Labour's Sadiq Khan wins record third term as London mayor

Labour's Sadiq Khan wins record third term as London mayor
The Labour Party's Sadiq Khan has won the vote for London mayor for the third time, winnining over a million votes.
4 min read
Khan has secured a record third straight term at City Hall [GETTY]

Sadiq Khan, the Labour Party's mayor of London, romped to victory Saturday, securing a record third straight term at City Hall, on another hugely disappointing day for the UK's governing Conservatives ahead of a looming general election.

Khan won a little over a million votes, or nearly 44% of the vote, more than 11 percentage points ahead of his main challenger, the Conservative Party's Susan Hall. He did particularly well in inner London but struggled in several outer boroughs.

There had been frenzied speculation on Friday that the result would be closer than previously thought, but Khan's lead showed a swing from Conservative to Labour compared to the previous mayoral election in 2021.

Khan, who replaced Boris Johnson as London mayor in 2016, has been an increasingly divisive in the past few years.

While his supporters say he has multiple achievements to his name, such as expanding housebuilding, free school meals for young children, keeping transport costs in check, and generally backing London's minority groups, his critics say he has overseen a crime surge, been anti-car, and unnecessarily allowed pro-Palestinian marches to become a regular feature at weekends.

"Sadiq Khan was absolutely the right candidate," said Labour leader Keir Starmer. "He has got two terms of delivery behind him, and I am confident that he has got another term of delivery in front of him."

The incumbent Labour mayors in Liverpool, Greater Manchester and West Yorkshire were also re-elected Saturday, while the party looks to have ousted the Conservative mayor in West Midlands. A recount is underway there.

Live Story

The latest successes came a day after Labour seized control of councils across England, which it hadn't held for decades. The party was also successful in a special election for a seat in Parliament, which, if translated to a general election, would lead to one of the Conservatives' biggest-ever defeats.

Though the Conservatives suffered a drubbing in the local elections, Prime Minister Rishi Sunak appears unlikely to face a further rebellion among his ranks.

Sunak breathed a sigh of relief when the Conservative mayor of Tees Valley in northeast England was re-elected, albeit with a depressed share of the vote. Sunak had hoped that Andy Street would hold on in the West Midlands, but he may have lost.

One negative for Labour was that its vote in strongly Muslim areas in England was depressed by opposition to the party leadership's strongly pro-Israel stance over the war on Gaza.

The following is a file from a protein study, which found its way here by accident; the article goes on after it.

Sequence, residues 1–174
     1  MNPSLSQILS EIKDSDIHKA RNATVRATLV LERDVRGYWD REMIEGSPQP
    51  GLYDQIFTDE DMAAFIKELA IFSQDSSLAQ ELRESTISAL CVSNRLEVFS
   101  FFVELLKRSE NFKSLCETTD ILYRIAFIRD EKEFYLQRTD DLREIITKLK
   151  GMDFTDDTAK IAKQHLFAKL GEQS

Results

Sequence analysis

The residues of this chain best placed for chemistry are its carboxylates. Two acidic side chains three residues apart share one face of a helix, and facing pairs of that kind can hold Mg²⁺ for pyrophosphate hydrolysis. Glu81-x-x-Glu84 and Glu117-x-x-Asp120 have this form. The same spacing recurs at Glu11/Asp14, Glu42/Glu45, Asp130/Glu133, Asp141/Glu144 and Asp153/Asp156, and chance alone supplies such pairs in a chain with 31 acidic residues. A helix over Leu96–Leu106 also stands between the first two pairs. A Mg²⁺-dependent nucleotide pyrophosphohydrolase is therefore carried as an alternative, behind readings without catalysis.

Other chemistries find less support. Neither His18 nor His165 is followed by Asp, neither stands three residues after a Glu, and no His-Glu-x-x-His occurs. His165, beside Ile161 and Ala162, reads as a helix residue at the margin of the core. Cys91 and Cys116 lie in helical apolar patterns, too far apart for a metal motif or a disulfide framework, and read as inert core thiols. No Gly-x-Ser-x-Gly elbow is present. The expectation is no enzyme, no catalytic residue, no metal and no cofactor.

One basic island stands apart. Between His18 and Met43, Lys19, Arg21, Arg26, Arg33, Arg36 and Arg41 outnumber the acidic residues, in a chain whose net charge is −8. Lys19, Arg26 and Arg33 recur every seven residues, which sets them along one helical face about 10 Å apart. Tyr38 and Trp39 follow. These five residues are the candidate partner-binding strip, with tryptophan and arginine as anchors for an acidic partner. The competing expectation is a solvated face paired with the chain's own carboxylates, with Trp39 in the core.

Starmer conceded that the party had issues with Muslim voters, but the results were generally positive for the man who was the favourite to become prime minister at the next general election.

Sunak has the power to decide on the date of the next election and has indicated that it will be in the second half of 2024. Starmer urged him not to wait.

"We're fed up with your division, with your chaos, with your failure," he said Saturday. "If you leave your country in a worse state than when you found it 14 years later, you do not deserve to be in government a moment longer."

Thursday's elections in large parts of England were important, with voters deciding who runs many aspects of their daily lives, such as garbage collection, road maintenance and local crime prevention. But with a national election looming, they are being viewed through a national prism.

John Curtice, professor of politics at the University of Strathclyde, said the results show that Sunak has not helped the Conservative brand following the damage accrued by the actions of his predecessors, Boris Johnson and then Liz Truss.

"That in a sense is the big takeaway," he told BBC radio.

Sunak became prime minister in October 2022, after Truss's short-lived tenure. She left office after 49 days following a budget of unfunded tax cuts that roiled financial markets and sent borrowing costs for homeowners surging.

Her chaotic and traumatic leadership compounded the Conservatives' difficulties following the circus surrounding her predecessor, Johnson, who was forced to quit after being sentenced to have lied to Parliament over coronavirus lockdown breaches at his offices in Downing Street.

By late afternoon Saturday, with most of the 2,661 seats up for grabs in the local elections counted, the Conservatives had lost around half of the 1,000 seats they were defending, while Labour had picked up about 200 despite some seemingly Gaza-related losses.

Other parties, such as the centrist Liberal Democrats and the Greens, also made gains. Reform UK, trying to usurp the Conservatives from the right, also had some successes, notably in the special parliamentary election in Blackpool South, where it was less than 200 votes from grabbing second place.